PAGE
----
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Re: Can't install, no KBD (G4 Cube)

It sounds as if you used the hd-media images. My understanding is that
if you want to install over the net, you should use the netboot images
instead of the hd-media images. (Netboot does not necessarily mean
that the images needed to boot is fetched from the net at boot time).
The hd-media version of the installer expect to find the files needed

Correct. My first choice was for a net install, but since the documentation for net-install implied that a tftp server was required, I opted to try the hd-media kit. I downloaded the kit. I Had to hunt up a yaboot executable since it wasn't in the kit. I then went and hunted up the ''business-card'' iso image (also not in the kit) The problems came when the hd-media installer couldn't find the image on an HFS+ filesystem.

That the hd-media installer doesn't support even _ONE_ filesystem native to the machine it's intended to run from is absurd. What is causing this? It's clearly not the size of the kernel. And it can't be the size of the download since the _minimal_ download for a sarge hd-media install is 99+ MB (businesscard.iso)

If you want to be able to install from hd-media and have only HFS+
partitions, that cannot be read by the installer, you could use a
usb-stick and put the powerpc/hd-media/boot.img.gz on it (as suggested

You assume I have one. I do not. I have a network connection. I'd like to use available hw.

I gave up went back to the the woody installer.  It has the following
compelling attributes:
  1.  There is a single-machine, no-iso, no-tftp installation option
  2.  A complete kit is downloadable from a single url--including
yaboot (http://http.us.debian.org/debian/dists/woody/main/disks-
  3.  It supports the native filesystem for the machine you're
installing it on (HFS+)
  4.  The kit is relatively small (~7M)
  5  It works.

IMO, the sarge/etch installer represents a step backwards until it
also has these attributes.

The netboot images provides [1]-[4] except for [3]. But [3] is
uninteresting if you want [4].

Perhaps the installaion manual did not provide a clear description of
the intended purpose of the netboot images?

Let's go through these:
1. The manual gives no mention of launching a download install from the HD. See manual comments below.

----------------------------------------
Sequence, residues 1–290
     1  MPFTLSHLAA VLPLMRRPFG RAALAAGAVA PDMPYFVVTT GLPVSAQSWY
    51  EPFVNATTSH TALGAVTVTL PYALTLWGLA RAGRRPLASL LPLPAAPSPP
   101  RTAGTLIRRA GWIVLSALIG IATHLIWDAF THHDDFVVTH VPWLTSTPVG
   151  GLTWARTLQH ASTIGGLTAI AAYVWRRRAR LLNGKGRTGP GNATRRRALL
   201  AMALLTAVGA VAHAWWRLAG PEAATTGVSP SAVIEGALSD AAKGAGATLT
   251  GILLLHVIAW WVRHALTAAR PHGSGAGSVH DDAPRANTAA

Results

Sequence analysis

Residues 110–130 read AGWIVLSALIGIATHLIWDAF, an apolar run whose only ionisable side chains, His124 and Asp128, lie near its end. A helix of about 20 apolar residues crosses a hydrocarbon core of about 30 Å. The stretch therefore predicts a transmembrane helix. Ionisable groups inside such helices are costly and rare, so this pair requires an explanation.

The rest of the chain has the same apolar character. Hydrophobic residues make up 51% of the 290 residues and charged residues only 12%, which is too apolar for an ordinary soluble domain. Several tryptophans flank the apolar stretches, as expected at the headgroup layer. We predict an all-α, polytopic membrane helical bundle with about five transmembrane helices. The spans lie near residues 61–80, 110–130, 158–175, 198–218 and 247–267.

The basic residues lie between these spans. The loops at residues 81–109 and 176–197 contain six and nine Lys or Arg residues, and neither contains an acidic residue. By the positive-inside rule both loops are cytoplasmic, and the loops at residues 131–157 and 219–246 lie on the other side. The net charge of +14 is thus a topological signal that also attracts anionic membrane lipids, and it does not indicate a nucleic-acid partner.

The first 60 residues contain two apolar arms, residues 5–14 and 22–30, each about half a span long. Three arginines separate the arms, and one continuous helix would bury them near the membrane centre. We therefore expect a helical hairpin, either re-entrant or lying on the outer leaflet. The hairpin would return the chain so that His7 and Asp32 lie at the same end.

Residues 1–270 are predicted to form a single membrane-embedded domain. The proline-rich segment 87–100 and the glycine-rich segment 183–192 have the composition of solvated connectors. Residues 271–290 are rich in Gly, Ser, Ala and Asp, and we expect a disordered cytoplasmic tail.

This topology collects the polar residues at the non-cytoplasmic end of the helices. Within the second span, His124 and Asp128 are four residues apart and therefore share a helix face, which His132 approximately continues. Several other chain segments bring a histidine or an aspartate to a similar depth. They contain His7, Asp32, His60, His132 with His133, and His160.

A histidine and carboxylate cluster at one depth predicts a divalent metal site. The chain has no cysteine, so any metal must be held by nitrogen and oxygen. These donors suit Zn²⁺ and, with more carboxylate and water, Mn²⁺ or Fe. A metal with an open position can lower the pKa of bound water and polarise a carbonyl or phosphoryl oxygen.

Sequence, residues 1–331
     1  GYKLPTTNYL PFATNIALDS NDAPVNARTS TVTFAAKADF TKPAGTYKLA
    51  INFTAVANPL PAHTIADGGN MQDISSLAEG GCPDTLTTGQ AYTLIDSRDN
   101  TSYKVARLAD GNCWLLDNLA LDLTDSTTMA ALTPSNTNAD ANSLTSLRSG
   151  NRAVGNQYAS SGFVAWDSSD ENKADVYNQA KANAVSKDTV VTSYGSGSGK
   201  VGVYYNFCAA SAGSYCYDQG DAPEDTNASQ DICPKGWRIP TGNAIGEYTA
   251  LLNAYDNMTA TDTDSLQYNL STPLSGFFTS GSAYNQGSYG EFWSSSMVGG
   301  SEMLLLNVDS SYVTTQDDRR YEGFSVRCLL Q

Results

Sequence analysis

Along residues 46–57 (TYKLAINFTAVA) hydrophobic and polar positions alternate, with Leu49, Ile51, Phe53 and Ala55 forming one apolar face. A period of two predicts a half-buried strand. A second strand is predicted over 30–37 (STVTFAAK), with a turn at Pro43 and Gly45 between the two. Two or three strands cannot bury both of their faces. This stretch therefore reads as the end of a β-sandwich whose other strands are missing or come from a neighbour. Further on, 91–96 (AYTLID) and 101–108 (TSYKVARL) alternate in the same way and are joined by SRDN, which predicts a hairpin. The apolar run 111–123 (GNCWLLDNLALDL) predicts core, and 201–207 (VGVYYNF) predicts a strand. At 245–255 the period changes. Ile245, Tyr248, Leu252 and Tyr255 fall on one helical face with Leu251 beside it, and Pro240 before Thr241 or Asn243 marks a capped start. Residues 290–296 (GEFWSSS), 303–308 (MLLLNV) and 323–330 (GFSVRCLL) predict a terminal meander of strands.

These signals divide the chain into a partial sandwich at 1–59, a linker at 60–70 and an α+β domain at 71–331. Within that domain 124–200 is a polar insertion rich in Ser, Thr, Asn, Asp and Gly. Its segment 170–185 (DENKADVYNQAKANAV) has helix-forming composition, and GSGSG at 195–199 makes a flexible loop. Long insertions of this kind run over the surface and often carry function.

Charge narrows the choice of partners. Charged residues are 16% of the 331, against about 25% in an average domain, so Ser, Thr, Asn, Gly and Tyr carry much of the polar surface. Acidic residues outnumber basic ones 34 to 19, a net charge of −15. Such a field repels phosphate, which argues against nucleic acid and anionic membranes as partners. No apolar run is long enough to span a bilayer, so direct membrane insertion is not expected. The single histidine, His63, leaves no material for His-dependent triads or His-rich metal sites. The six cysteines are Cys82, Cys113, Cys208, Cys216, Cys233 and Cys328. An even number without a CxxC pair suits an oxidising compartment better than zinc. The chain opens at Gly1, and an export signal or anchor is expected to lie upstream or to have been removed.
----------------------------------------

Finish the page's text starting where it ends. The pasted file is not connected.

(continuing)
2. I could find _NO_ complete kit. None of the kits in http:// http.us.debian.org/debian/dists/stable/main/installer-powerpc/current/ images/powerpc /contains the yaboot bootstrap (only one contains a yaboot.conf). Contrast this with (http://http.us.debian.org/debian/ dists/woody/main/disks-powerpc/current/new-powermac/). Likewise, BootX and quik bootstraps(for oldworld machines) are missing. None of the kits have a README indicating constraints or listing other components required for success, or where to obtain them.

3. I would think HFS+ support would be useful for loading the ram- disk from an HFS+ filesystem.

- - - - - - - - - - - - - - - -  - -  - -- ----
Manual comments.
There are precious few links to the actual repositories. Every time a file to be downloaded is mentioned, a link to the repository containing it would be welcome.

Page http://www.debian.org/distrib/netinst (Installing Debian GNU/ Linux via the Internet) give's two options:
 - minimal CD
 - Floppy disks
There is absolutely no mention of using HD partition provided by a co- resident OS. Likewise section 4.5.2 :4.5.2. Hard Disk Installer Booting for NewWorld Macs (http://www.debian.org/releases/stable/powerpc/ ch04s05.html.en#files-newworld) makes no mention of accessing either iso images from an HFS+ partition. Neither does the list of installation files include the ram-disk (what was root.bin, is it now root.img? ).

The entire Network install section in the powerpc's manual reads: (http://www.debian.org/releases/stable/powerpc/ ch02s02.html.en#id2515543)
2.2.5. Network
You can also boot your system over the network.

Diskless installation, using network booting from a local area network and NFS-mounting of all local filesystems, is another option.

After the operating system kernel is installed, you can install the rest of your system via any sort of network connection (including PPP after installation of the base system), via FTP or HTTP.


So, yeah, I'd say it doesn't provide a clear description.

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